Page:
'Postgrad' usually just means any degree you do after an undergraduate degree.
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Pro Crastination
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(Original post by adriann23)
for instance can you go from history to economics?
An economics MSc would require an undergraduate degree in a quantitative subject. So in the example you give, no. A lot of contemporary economics is really just the application of mathematical techniques borrowed from various sciences/mathematics to economic variables. (Oh how I wish it was kicking back and reading 'The Wealth of Nations' sometimes...)

In general, you can but it depends on what. I.e. within the humanities and social sciences, you'd have quite a bit of room to move around (e.g. someone with a politics degree could probably do an international relations masters, as could someone with a history degree). Every course is different, though, so you'd have to find out for each one.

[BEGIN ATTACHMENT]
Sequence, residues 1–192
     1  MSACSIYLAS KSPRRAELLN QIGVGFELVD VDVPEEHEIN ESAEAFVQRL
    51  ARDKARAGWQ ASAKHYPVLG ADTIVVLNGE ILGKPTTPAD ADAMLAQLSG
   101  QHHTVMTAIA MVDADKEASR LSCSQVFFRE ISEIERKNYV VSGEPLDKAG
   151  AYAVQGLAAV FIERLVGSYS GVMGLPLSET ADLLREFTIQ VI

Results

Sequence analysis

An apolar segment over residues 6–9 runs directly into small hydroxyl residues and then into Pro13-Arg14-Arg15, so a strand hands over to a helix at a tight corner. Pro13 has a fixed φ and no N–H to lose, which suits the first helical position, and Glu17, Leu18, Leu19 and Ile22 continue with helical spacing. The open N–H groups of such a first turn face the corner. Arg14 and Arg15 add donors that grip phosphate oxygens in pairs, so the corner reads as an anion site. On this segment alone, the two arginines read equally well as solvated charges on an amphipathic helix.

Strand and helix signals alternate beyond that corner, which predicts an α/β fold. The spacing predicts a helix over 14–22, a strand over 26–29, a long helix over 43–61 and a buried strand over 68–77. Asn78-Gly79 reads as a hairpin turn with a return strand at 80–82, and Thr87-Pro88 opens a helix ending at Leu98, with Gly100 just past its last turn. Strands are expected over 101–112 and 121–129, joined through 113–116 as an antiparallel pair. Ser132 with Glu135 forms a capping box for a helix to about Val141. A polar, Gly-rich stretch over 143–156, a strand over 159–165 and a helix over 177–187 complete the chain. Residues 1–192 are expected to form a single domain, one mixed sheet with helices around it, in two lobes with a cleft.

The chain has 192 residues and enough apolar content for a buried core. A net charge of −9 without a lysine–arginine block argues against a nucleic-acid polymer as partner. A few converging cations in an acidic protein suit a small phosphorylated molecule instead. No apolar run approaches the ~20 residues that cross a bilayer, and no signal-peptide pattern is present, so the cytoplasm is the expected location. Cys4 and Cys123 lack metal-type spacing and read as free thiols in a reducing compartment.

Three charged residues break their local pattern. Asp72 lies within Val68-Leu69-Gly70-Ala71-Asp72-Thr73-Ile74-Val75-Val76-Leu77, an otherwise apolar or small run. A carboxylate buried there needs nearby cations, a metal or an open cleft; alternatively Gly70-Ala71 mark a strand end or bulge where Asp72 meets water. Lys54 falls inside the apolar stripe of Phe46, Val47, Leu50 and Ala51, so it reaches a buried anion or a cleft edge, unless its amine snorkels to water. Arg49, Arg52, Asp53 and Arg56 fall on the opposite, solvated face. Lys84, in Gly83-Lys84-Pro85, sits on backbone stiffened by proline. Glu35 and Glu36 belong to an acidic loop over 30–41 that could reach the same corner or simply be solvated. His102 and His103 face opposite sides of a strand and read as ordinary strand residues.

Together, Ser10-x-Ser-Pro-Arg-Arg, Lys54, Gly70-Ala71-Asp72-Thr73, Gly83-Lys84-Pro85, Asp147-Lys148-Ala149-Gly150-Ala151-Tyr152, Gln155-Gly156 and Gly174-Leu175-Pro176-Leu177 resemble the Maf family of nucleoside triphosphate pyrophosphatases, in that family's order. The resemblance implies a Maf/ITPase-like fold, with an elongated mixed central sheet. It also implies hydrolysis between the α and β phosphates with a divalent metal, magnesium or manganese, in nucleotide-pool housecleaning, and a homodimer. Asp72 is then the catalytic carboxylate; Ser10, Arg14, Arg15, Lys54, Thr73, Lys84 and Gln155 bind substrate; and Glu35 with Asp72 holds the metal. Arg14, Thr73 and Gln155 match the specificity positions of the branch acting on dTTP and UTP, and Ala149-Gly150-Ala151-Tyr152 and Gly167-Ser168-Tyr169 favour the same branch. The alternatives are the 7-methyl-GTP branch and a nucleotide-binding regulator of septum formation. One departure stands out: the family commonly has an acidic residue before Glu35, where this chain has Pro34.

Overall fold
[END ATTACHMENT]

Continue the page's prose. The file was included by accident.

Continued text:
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adriann23
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ok, so we got 2 yes(as in yes you can go)1 maybe and one no! is there anywhere where i can learn for sure? preferably before coming to england just to be rejected like a university faq or something?
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sahjahn
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Yes - ask the universities you want to go to. There is no universal rule.
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adriann23
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hmm, what happens if the subjects are more related? i know from a friend that at least in France you can go from law to history(and i assume the opposite) does this generally hold in the UK? given that both are qualitative subjects.
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Jackieox
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They don't have to be related, I went from Creative Writing to Events Management
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threeportdrift
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(Original post by adriann23)